Since I only bought 4 comics this week, I’m skipping the first impressions post and going straight to comic reviews for each of them. And first up is X-Men Blue, the new series written by Cullen Bunn starring the teenaged original 5 X-Men.
The mood of this comic feels similar to Dennis Hopeless’s All-New X-Men run, in that it’s mostly light hearted and fun. That’s not to say it’s completely light hearted – this first issue does touch on anti-mutant prejudice a little bit, even if it’s in the background, and there are hints that the series might get dark from time to time. But as a whole, this feels like a return to the classic X-Men comics in a number of ways, while still keeping recent developments on the table to keep things fresh.
The majority of this issue takes place on a yacht, overtaken by Black Tom Cassidy and … I won’t spoil his ally. It’s a fun fight scene that shows the X-Men dealing with villains they’ve fought before, but when the villains were less experienced, and their motives different. That said, things like Young Beast’s recent magical studies and Angel’s cosmic power upgrade help even the odds. All this adds up to a fun action scene, very well-written dialogue and a quick yet effective closer that makes the direction for this series perfectly clear.
There’s also a back-up story that all but directly tells us which clawed mutant will be joining the team in the future. I won’t spoil it exactly, but the mood in this scene is a fair amount darker and even a bit creepy, contrasting the light-hearted main story quite well. There isn’t too much else to say about the back-up story since it doesn’t quite end – it’s more of a teaser for things to come than anything else.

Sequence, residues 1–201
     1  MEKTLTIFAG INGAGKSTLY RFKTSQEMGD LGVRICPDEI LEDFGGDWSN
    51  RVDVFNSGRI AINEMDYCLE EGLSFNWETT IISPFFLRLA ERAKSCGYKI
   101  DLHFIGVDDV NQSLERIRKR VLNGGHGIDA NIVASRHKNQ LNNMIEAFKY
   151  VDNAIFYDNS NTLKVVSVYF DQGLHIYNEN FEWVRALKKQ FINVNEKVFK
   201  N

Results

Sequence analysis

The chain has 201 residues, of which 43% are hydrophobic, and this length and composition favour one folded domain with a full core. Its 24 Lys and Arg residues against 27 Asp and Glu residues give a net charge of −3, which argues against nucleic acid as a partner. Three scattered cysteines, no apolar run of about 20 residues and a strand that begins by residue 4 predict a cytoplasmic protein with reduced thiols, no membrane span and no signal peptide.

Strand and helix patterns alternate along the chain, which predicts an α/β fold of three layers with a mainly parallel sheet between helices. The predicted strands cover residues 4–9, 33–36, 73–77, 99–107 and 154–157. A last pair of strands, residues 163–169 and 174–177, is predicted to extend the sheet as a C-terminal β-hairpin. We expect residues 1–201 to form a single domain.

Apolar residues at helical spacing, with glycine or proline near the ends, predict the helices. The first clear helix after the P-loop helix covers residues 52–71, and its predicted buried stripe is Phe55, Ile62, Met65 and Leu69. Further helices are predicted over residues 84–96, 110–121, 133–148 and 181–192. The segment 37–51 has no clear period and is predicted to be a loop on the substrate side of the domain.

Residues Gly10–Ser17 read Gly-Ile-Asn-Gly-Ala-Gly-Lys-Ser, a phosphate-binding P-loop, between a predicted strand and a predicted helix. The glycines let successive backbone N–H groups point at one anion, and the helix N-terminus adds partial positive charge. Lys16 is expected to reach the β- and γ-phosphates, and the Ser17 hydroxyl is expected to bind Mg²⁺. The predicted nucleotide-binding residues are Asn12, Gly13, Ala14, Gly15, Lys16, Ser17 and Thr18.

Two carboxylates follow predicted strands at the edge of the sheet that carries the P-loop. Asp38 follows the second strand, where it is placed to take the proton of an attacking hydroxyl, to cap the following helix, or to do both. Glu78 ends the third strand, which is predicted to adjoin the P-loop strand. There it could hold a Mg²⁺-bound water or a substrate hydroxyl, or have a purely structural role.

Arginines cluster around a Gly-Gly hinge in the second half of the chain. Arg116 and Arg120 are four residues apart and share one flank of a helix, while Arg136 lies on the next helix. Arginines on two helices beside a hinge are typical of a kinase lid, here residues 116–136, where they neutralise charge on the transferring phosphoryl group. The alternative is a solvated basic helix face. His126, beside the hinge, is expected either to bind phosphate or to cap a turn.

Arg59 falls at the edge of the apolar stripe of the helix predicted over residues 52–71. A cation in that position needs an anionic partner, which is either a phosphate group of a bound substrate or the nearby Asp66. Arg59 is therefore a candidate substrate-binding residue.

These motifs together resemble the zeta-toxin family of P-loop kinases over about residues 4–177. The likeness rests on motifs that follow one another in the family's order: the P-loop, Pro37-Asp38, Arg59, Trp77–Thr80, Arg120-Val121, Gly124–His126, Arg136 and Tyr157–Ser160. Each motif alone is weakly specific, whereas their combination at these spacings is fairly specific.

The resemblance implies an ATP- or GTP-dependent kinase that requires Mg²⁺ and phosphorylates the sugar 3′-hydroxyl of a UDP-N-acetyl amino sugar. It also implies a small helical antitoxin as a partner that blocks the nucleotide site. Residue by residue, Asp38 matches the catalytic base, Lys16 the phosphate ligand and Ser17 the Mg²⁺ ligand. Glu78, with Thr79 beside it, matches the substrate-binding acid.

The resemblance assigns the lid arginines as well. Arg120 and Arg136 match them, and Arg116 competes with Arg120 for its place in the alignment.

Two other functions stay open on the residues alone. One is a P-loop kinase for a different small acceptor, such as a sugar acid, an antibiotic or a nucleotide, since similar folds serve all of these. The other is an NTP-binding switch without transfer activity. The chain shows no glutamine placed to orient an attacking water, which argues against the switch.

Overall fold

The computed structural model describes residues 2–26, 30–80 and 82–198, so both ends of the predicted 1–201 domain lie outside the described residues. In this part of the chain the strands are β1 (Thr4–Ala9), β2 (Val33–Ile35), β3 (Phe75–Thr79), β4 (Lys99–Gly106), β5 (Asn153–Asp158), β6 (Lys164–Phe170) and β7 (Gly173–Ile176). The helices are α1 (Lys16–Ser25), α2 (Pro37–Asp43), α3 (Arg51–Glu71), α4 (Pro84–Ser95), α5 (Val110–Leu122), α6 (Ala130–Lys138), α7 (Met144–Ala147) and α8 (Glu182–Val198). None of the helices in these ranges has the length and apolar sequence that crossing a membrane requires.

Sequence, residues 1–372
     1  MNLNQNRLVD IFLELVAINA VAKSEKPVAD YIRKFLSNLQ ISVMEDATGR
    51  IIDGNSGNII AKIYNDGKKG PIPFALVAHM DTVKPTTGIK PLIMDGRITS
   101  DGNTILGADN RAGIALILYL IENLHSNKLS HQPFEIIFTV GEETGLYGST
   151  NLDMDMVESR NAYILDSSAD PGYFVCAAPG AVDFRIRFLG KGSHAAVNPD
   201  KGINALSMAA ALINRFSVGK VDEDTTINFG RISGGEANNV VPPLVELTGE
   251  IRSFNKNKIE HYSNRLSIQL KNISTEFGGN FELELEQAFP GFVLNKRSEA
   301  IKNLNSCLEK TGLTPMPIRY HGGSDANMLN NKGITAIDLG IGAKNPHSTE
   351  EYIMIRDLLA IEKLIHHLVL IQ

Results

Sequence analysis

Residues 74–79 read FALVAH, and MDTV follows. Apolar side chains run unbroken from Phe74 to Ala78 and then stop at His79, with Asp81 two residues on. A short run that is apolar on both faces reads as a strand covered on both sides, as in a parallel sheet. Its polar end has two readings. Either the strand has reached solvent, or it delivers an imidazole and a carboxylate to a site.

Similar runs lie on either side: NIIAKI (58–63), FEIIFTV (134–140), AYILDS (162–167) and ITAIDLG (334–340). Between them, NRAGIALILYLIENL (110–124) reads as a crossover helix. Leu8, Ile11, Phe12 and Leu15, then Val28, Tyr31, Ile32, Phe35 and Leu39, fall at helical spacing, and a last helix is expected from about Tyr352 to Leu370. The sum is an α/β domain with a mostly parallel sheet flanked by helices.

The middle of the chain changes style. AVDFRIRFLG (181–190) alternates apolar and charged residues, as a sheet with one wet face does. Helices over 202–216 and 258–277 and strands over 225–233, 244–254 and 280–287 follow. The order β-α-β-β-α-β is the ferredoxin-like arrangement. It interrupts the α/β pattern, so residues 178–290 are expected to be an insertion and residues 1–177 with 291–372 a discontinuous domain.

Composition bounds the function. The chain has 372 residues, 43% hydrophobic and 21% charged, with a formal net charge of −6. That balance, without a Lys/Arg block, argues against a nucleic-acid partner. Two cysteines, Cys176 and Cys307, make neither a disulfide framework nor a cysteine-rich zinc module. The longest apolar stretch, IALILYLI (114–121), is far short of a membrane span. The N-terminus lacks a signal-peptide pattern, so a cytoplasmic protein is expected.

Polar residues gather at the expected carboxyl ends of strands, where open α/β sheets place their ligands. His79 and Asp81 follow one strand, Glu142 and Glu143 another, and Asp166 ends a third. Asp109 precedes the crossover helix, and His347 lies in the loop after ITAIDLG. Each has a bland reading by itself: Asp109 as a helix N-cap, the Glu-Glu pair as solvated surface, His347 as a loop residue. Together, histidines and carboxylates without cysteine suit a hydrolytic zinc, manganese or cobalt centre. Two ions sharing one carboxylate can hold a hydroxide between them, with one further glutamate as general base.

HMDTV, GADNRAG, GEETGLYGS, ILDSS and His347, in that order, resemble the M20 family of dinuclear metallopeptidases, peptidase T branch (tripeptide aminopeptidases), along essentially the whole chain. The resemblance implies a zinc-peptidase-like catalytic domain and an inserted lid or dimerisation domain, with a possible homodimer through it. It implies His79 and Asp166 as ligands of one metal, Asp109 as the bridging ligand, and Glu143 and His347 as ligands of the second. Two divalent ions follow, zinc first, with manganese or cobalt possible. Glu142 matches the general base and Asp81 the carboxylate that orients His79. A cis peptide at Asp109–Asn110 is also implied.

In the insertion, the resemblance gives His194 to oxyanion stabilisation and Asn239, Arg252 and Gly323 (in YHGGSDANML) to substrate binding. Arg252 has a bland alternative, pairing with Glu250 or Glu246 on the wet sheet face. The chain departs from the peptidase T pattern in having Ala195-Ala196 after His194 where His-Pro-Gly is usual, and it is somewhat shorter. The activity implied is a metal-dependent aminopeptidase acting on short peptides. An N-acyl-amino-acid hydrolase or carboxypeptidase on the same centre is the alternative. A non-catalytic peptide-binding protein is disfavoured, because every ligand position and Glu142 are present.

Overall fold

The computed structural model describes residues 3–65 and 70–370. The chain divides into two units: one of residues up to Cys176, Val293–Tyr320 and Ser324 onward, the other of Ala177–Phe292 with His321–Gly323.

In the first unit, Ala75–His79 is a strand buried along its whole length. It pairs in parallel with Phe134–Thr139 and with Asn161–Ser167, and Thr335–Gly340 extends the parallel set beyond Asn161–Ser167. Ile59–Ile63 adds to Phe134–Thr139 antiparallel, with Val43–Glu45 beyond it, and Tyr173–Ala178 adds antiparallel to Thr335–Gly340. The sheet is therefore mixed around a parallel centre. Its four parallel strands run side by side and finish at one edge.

Jorge Molina’s art is good. There’s a slight cartoon feel to the art, which matches the mood very well without going overboard. It’s also a clean, smooth appearance, but not without fine details every now and then. For example, there’s plenty of debris flying around during the fight, the dishes on the tables in the yacht’s dining hall add to the environmental detail, and all the weird tentacles and hands showing up when Beast taps into his magic give the moment the right touch of disturbing without affecting the overall mood. Facial expressions do a good job at conveying emotions, like Iceman looking somewhat sad when he complains that they can’t use pickles to teleport anymore, Jean’s optimistic smile when she’s encouraging her teammates, and Black Tom Cassidy’s look of pain after Beast kicks him straight in the face. The colouring by Matt Milla is great. The yacht fight is bright and colourful, even complete with a red mark on Black Tom’s face after he’s kicked. There’s also great use of reflection on Ice Man’s body, and glaring lights during the darker scenes toward the end of the comic. Matteo Buffagni handles the art in the back-up story, and it’s a simpler, more realistic look that works well for the scene.
I wouldn’t quite call this comic great, but it’s a good start to X-Men Blue. It quickly establishes the comic’s mood and by the end of the issue, there’s a clear direction. It’s fun, with the potential to get more dramatic, and the characterization for each of the original 5 feels right. If the teenaged original 5 X-Men interest you, or you’ve been enjoying the All-New X-Men comics so far, you’ll likely enjoy this one.